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    Rio Grande Guardian > Border News > Story
checkU.S. Congressman to place more emphasis on insecurity in Mexico
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Last Updated: 3 November 2014
By Steve Taylor
[U.S.
U.S. Representative Filemon Vela, D-Brownsville.
BROWNSVILLE, November 3 - U.S. Rep. Filemon Vela recently told the Rio Grande Guardian that insecurity in Tamaulipas and across Mexico has now got to be viewed as one of the biggest foreign policy issues confronting the United States.

The Brownsville Democrat said that through his work in Washington, D.C, he would be placing a much greater emphasis on the issue of cartel violence and two recent statements appear to bear this out.

Firstly, in the light of the recent killing of three siblings from Progreso in Matamoros, Vela in a statement “implored” the governments of the United States and Mexico to commit, once and for all, to eliminating cartel violence in Mexico. Secondly, Vela said on Monday that he will oppose the confirmation of the next U.S. attorney general unless that person commits to extraditing former Tamaulipas Governor Tomas Yarrington, who was indicted in the U.S. in 2013 but has not been brought to justice.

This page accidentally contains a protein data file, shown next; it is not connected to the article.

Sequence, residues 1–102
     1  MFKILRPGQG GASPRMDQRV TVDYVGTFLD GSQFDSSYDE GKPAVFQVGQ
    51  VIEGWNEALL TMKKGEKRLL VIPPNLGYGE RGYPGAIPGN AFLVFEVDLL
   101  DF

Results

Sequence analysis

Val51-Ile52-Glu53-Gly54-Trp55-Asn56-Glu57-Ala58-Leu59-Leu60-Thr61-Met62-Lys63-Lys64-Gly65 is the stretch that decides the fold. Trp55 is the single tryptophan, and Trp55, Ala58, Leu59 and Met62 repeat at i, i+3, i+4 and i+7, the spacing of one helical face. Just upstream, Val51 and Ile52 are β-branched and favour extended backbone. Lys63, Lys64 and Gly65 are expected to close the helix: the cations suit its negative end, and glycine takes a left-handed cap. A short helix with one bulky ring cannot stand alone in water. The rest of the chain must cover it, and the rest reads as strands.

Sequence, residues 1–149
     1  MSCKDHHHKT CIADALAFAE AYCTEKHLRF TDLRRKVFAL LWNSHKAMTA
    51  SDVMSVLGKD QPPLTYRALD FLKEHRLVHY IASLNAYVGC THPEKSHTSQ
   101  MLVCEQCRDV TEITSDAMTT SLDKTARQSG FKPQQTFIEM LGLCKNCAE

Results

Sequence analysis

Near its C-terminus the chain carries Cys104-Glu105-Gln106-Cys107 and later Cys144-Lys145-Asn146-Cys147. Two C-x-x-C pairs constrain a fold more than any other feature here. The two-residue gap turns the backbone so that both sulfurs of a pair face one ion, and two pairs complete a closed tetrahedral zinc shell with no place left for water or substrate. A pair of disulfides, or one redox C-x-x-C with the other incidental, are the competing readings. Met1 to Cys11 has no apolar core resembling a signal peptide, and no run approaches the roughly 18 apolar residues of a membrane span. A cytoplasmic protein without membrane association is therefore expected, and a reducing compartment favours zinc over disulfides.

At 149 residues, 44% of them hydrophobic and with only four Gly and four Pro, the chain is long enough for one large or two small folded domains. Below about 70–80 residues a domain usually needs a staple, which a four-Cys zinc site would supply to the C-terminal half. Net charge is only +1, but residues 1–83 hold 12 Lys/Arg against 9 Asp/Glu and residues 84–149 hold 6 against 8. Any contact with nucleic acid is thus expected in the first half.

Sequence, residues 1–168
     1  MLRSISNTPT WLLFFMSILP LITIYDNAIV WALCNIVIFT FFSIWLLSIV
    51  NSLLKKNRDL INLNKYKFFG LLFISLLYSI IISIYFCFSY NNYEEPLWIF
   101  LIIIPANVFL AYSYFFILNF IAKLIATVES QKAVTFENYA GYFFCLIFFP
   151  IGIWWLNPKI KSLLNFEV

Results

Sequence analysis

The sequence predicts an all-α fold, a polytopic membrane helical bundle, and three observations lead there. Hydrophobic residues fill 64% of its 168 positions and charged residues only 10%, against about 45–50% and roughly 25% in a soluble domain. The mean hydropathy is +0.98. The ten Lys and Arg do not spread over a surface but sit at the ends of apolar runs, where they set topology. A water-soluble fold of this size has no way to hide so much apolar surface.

Vela’s stance on insecurity in Mexico has pleased Francisco “Kiko” Rendon, a member of the Texas Southmost College’s board of trustees. Rendon’s brother Carlos was murdered early last month in Matamoros. “Congressman Vela is bold for doing what he is doing. He is going above and beyond. We need our State Department to do a lot more,” Rendon said.

Vela knows the Rendon family well. In an interview with the Guardian, Vela said the murder of Carlos Rendon and, in a separate incident, the recent murder of well-known Matamoros businessman Fernando Lugo, brought home the need to focus on security.

However, Vela said it is wrong to view the issue of insecurity in Mexico as just a border problem, citing the recent disappearance of 43 students in Guerrero, Mexico. “If I go to Washington and ask for help just for this region, other members of Congress want to view it more globally. Insecurity is an issue for both countries. We have drug cartel activity in over 1,000 cities across the United States and in Mexico, 60,000 to 80,000 people have been killed. Washington needs to wake up and give this the same kind of attention it gives to other parts of the world,” Vela told the Guardian.

With regard to the death of Erica Alvarado Rivera, 26, Alex Alvarado, 22, and Jose Angel Alvarado, 21, three siblings from Progreso, Texas, Vela said he has been in contact with the State Department and the Federal Bureau of Investigations. The young adults went missing on Oct. 13. Their bodies were found recently in Matamoros, just across the Rio Grande from Vela’s hometown of Brownsville.

“My thoughts are with the Alvarado family during this difficult time. My staff and I have been in contact with the U.S. Department of State and the Federal Bureau of Investigation,” Vela said, in a statement.